Friday, March 22, 2013

They Closed Anyway: Pennsylvania RAOI

During the summer and fall of 2011 I spent several weekends photographing myriads of post offices in rural Pennsylvania, with the fear that many might close. There was a good chance 200 Pennsylvania post offices would close by the end of 2011, courtesy USPS's ill-fated Retail Access Optimization Initiative (RAOI), which targeted 3,700 operations nationwide for closure. While RAOI was abandoned and replaced with the hours-reducing POStPlan last year, several threatened post offices in western Pennsylvania closed regardless due to emergency suspensions.

The suspended offices of Denbo and Lake Geneva, in the southwest corner of the state, lie along the Monongahela River, which flows north to merge with the Allegheny in Pittsburgh and form the Ohio. The post offices of New Geneva and Lake Lynn, lie just seven miles apart. The latter is within a mile's drive of West Virginia.

All of these post offices represent a vanishing facet of the American rural landscape.

Here's a map of the towns in question:
Map of some small western Pennsylvania post offices suspended 2011-2012

Vowinckel lies just beyond the southernmost reaches of the 500,000-acre Allegheny National Forest and 20 miles NNE of the nearest city, Clarion. The area is rather remote and the community is unincorporated, although the census placed its population at 139. There has been a post office in Vownickel since the 1880s, and in its latest iteration the office lay in an addition to a home. I photographed the building in 2009, just before the retirement of Vowinckel's last Postmaster: Perry W. McAfoose served from 1993 to 2009; two Officers-on-Charge were appointed before the operation was suspended October 7, 2011.

Vowinckel, PA post office:
Vowinckel, PA post office

Denbo, PA post office:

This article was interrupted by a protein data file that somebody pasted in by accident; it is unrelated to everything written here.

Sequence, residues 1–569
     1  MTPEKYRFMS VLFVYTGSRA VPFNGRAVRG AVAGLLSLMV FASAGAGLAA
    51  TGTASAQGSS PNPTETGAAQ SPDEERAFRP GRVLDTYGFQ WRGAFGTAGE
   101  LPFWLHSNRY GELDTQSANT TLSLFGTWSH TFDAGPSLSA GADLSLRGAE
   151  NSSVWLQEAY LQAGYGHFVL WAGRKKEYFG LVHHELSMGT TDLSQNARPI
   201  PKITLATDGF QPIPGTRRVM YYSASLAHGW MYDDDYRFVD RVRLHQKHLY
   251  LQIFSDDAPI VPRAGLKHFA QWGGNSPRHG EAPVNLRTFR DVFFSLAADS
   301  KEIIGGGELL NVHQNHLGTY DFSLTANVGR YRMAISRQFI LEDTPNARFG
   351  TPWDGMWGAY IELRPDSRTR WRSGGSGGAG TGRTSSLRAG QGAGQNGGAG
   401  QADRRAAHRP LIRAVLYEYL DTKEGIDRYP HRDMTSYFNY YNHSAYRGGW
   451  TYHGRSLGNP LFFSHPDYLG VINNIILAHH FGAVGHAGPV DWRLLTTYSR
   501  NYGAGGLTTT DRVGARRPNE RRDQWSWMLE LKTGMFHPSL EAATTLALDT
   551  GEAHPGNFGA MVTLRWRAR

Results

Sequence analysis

Denbo, PA post office

Admittedly, this post office was difficult to find. Main Street in Denbo juts off local Route 88 with no signage, makes an unexpected turn across some train tracks, and consists of a long cluster of houses whose addresses I don't recall seeing. The population of unincorporated Denbo is unavailable since the Census does not even define the community. I found the worn building alongside a dusty 'parking lot' with what appeared to be a porch supported by cinder blocks. (In other words, "awesome.")

The nearest post offices lie four miles in either direction. Denbo's post office was suspended Nov. 10, 2011.

New Geneva, PA lies just north of The National Park Service's Friendship Hill National Historic Site. Friendship Hill and New Geneva were first established in the late 1700s by Geneva-born Albert Gallatin, who became U.S. Senator and one of the U.S.'s first Secretaries of State. The New Geneva post office resided on the first floor of a house whose back appeared to be built into a hill.

New Geneva, PA post office:
New Geneva, PA post office

The New Geneva post office, like Vowinckel's, was suspended October 7, 2011. If you believe the satellite view, there are a couple dozen residences in the town. The nearest post office is in the equally small town of Martin, two miles away.

A seven-mile drive southeast of New Geneva lies Lake Lynn, a town just north of the West Virginia border which possessed what appeared to be not more than a dozen homes. The Lake Lynn post office was suspended July 30, 2012; the nearest post office is Point Marion's, three miles away.

Lake Lynn, PA post office:
Lake Lynn, PA post office

3 comments:

David Solomon said...

These are some cool looking post offices. It's a shame to see them suspended. Is there a published list of recently closed or suspended offices? I'm curious because I'd like to get some postmarks from ones on the closure list that came out in 2011.

Evan K. said...

The lists of post offices threatened with closure under the Retail Access Optimization Initiative in 2011 are available here.

The list of offices suspended during FY 2012 was filed in response to a Postal Regulatory Commission request for its Annual Compliance Report: here.

This post at Save the Post Office should help too.

David Solomon said...

Thanks!